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Tuesday, August 29, 2006

Perhaps Town Meeting Can Ease World's Ills - by Howard Frank Mosher

Most of the town halls in my part of New England -- Vermont's Northeast Kingdom -- are a little rundown at the heels. Many of them are just large enough to accommodate the entire adult population of the township. Even so, I'd like to extend an open invitation to anyone connected with the current administration in Washington, the United States, Congress, NATO, the United Nations, and, especially, Middle Eastern governments and political and religious organizations to visit a New England town meeting.

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Not, as you'll see, that I believe we have any monopoly on grass-roots democracy, except perhaps at its loudest and most contentious. But having tried every other conceivable way to bring peace to an area where people have been fighting for several thousand years, we may as well try the town meeting model and see what happens. Certainly there's not much to lose.

Guests should dress warmly. Many town meetings are held in March. Come early to see folks drifting into the hall to greet old friends, eyeball enemies across the room, stash covered dishes in the kitchen for the big noon meal. About 9 a.m. the donnybrook begins. For the next three hours, neighbors who would never dream of not pulling one another's car out of ditches or cheering on one another's kids at Friday night basketball games will argue fiercely over paving roads, paying schoolteachers, zoning main streets, donating a few hundred bucks to the local senior center. Tempers flare. Fistfights are not unheard of. Many of the debaters -- and on this special day everyone is an orator -- detest each other. Yet no one is excluded, even the clan from Hatfield Hill or their blood enemies for five generations from McCoy Hollow.

At lunch, a temporary cease-fire is declared. Everyone seems ready for it. After all, it's hard to be too angry at someone who's enjoying your wife's baked beans laced with this year's maple syrup. Then the battle is rejoined until late afternoon when everyone goes home mad and grimly satisfied.

OK, it's one matter to hash over whether to pave a road, even a Vermont back road, and something else again to straighten out a regionwide conflict dating back a millennium and a half and getting worse by the day. Yet some of the principles for resolving the conflict may be the same. Recently, it's become clear to nearly everyone that the trouble in the Middle East extends far beyond Iraq. It goes beyond Israel, the Palestinian territories, Lebanon, and even -- though you might not think so to hear the nightly talk shows -- Republicans and Democrats in America. Pretty obviously, then, any resolution, or partial resolution to these conflicts, some of which are almost as virulent as those in a small town in Maine or Rhode Island, also needs to be regionwide, with global involvement and support.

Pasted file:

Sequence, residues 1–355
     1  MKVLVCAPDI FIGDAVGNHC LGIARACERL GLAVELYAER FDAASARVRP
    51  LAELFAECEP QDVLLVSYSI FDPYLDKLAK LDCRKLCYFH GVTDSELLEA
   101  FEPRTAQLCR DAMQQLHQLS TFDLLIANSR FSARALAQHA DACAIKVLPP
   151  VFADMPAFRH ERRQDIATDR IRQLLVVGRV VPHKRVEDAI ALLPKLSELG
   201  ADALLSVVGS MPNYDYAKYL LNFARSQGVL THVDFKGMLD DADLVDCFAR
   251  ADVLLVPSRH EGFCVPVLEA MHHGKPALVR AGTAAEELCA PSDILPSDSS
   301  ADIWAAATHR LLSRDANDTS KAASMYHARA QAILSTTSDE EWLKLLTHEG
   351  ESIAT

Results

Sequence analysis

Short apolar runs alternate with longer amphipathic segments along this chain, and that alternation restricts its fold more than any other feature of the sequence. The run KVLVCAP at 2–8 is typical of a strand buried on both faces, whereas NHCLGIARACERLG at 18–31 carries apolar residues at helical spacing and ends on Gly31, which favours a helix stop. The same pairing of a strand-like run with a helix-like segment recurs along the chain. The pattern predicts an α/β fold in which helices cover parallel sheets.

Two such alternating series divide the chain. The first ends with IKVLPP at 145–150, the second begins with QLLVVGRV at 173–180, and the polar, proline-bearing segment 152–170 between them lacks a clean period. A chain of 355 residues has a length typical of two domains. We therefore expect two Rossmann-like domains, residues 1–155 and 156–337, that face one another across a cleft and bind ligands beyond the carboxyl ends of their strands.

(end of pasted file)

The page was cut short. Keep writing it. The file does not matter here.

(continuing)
Two questions remain. Whom should we New Englanders send to this worldwide town meeting? At first I thought about David Ortiz, designated hitter for the Boston Red Sox, because it's impossible to imagine anyone not respecting and listening to Big Papi. Can't be done, though. The Sox are going to need him too much over the next month or so. Therefore, I'd recommend George Mitchell, George Bush Senior, and Phillis Mosher, my wife of 42 years. Mitchell has family ties to the Middle East and helped persuade Britain and Ireland to stop squabbling. Bush Senior stopped Iraqi leader Saddam Hussein in his tracks, sent him packing back to Baghdad, and brought our soldiers straight home where they belonged. As for Phillis, besides raising our two kids through adolescence to adulthood and putting up with a clueless writer for a husband, she's successfully taught junior high students for the past four decades and more. What better credentials than those could any negotiator possibly have?

Second, will the model I'm proposing really work? Probably not very well. Town meetings don't. Most roads go unpaved another year, schoolteachers are still underpaid, and everyone comes away aggrieved about something. Still, while I don't necessarily agree that an unjust peace is always better than a just war, an imperfect peace in which everyone involved has a say seems to me infinitely preferable to an imperfect war with no end in sight.

Howard Frank Mosher's new novel, ``On Kingdom Mountain," will be published next spring.

© Copyright 2006 Boston Globe
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Perhaps Town Meeting Can Ease World's Ills

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